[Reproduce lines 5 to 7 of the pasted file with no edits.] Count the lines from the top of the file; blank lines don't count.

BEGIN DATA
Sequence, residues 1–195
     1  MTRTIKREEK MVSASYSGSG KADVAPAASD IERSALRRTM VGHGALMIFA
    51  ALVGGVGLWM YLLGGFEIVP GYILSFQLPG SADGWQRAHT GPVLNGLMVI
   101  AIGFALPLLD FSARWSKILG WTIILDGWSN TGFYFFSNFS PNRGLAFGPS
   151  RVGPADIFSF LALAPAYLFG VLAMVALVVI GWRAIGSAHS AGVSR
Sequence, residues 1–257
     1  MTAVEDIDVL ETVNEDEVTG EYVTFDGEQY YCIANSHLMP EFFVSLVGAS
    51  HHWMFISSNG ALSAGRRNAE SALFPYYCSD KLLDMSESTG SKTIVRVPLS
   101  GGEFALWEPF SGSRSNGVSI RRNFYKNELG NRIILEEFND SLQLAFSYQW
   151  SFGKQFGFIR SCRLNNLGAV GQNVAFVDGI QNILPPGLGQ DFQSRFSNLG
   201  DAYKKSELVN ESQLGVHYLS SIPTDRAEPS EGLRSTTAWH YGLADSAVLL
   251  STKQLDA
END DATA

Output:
   151  RVGPADIFSF LALAPAYLFG VLAMVALVVI GWRAIGSAHS AGVSR
Sequence, residues 1–257
     1  MTAVEDIDVL ETVNEDEVTG EYVTFDGEQY YCIANSHLMP EFFVSLVGAS